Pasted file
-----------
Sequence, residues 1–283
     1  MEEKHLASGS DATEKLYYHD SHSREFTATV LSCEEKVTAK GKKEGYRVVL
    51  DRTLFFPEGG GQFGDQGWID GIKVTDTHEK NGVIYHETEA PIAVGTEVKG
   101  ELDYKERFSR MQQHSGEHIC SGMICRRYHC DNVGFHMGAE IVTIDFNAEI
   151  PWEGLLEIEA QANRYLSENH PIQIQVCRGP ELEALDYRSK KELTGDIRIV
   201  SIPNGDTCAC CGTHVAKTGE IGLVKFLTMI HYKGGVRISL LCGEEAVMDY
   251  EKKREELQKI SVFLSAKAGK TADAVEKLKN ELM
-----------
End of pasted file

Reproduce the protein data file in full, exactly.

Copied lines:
Sequence, residues 1–283
     1  MEEKHLASGS DATEKLYYHD SHSREFTATV LSCEEKVTAK GKKEGYRVVL
    51  DRTLFFPEGG GQFGDQGWID GIKVTDTHEK NGVIYHETEA PIAVGTEVKG
   101  ELDYKERFSR MQQHSGEHIC SGMICRRYHC DNVGFHMGAE IVTIDFNAEI
   151  PWEGLLEIEA QANRYLSENH PIQIQVCRGP ELEALDYRSK KELTGDIRIV
   201  SIPNGDTCAC CGTHVAKTGE IGLVKFLTMI HYKGGVRISL LCGEEAVMDY
   251  EKKREELQKI SVFLSAKAGK TADAVEKLKN ELM